Greens to vote against Help to Buy scheme unless Labor makes changes to negative gearing

One of Anthony Albanese’s major election promises is in doubt after the Greens announced plans to kill Labor’s Help to Buy scheme unless the government meets its demands.

The shared equity scheme, which would allow 40,000 first home buyers over five years the chance to co-purchase their home with the government for as little as a two per cent deposit, will be voted on in the House of Representatives this week.

The Greens have described the scheme as a “housing lottery” that would push up prices for the overwhelming majority of renters wishing to enter the housing market – a claim the government has denied as unfounded.

Greens leader Adam Bandt said if the Prime Minister was serious about fixing the housing crisis, he would come to the table in limiting rent increases, building more public housing and phasing out negative gearing and capital gains tax.

“Unless Labor is prepared to work with the Greens to fix negative gearing and capital gains tax handouts, cap rents and build public housing, the Greens will vote against Labor’s ‘lottery’ bill,” he said.

Buoyed by their success in negotiating with the government during last year’s fight over the Housing Australia Future Fund, Mr Bandt said “pressure works” and would not back down in their demands for Labor’s last housing policy before the next election.

The government doesn’t need the minor party’s support to pass it through the lower house, but it’s a different story in the Senate where the Greens hold the balance of power in lieu of the Coalition’s support.

Mr Bandt said the party would “reserve its position” in the senate.

Labor won’t negotiate on Help to Buy, and Mr Albanese has maintained the government is “not looking” at the tax concessions for Australians with more than one home, and has routinely ruled out capping rent increases.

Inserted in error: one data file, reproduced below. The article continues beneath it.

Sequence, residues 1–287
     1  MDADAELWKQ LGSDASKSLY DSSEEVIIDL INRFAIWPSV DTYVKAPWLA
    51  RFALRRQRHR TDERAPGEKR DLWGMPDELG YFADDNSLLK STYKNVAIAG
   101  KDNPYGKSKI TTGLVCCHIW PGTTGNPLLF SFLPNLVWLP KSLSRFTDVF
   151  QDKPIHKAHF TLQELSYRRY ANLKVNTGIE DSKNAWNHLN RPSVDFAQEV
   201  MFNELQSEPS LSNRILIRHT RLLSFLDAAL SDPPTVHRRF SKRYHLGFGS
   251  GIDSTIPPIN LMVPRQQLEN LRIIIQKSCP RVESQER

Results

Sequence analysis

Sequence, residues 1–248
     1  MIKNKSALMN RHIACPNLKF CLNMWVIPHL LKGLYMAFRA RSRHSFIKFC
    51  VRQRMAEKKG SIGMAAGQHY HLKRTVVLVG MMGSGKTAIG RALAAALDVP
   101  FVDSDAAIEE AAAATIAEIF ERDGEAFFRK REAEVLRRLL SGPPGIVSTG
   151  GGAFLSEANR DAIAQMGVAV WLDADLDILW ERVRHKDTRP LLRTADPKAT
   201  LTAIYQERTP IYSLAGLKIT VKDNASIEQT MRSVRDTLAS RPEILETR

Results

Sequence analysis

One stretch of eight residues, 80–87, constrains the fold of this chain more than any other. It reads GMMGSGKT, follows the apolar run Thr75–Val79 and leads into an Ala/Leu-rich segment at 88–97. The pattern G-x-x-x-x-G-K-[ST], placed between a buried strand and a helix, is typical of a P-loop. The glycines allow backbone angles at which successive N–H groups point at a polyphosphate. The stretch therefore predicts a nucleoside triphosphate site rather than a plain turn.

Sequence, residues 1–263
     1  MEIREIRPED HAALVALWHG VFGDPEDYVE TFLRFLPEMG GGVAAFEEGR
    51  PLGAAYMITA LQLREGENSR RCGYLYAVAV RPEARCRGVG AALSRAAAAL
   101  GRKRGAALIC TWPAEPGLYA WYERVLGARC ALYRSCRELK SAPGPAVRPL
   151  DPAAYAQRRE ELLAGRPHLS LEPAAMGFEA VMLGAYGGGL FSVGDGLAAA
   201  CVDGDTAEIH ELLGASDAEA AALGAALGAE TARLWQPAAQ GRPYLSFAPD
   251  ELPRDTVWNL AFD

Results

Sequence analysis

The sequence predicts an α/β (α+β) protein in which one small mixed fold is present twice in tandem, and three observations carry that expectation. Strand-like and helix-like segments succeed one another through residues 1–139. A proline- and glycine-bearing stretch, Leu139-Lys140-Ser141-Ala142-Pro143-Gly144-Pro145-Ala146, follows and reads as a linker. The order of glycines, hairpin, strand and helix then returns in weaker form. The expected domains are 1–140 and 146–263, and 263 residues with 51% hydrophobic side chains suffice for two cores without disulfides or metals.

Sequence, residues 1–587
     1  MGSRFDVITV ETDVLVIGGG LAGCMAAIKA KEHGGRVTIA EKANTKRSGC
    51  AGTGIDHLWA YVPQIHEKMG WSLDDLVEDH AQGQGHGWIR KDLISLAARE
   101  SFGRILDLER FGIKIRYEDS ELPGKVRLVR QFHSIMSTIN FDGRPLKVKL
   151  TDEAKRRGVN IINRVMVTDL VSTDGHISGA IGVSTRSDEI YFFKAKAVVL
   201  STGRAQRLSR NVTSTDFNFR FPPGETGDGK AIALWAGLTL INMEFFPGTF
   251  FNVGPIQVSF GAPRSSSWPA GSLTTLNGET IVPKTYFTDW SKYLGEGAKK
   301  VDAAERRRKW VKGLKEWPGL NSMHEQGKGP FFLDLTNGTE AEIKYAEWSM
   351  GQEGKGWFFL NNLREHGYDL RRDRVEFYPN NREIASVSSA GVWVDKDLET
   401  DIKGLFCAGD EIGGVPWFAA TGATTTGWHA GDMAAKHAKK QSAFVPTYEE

Greens housing spokesman Max Chandler-Mather said he was incredulous that the Prime Minister has refused to scrap “massive tax handouts for property investors” that were pricing “millions of renters” out of the chance to buy a home, while pushing through a bill that would further exacerbate house prices.

“It should not be the case that a first-time buyer at an auction loses to a property investor who gets massive tax handouts from this Labor government,” he said.

“The ball is in Labor’s court. Unless we see movement on the things that are pushing house prices out of the reach of millions of renters across the country and a fix to negative gearing and capital gains tax handouts, capping of rents and building public housing, we will vote against it.”

Speaking in Question Time, Housing Minister Julie Collins said the scheme would help “get more people into home ownership”.

When she introduced the Bill to the house last year, Ms Collins said it would provide “long term relief” for participants in the scheme.

“It will be the first national shared equity scheme of its kind,” she said in November.

“Help to Buy will be delivered through Housing Australia and will assist Australians to overcome both the hurdle of saving for a deposit and servicing a mortgage.”

Read related topics:Anthony Albanese

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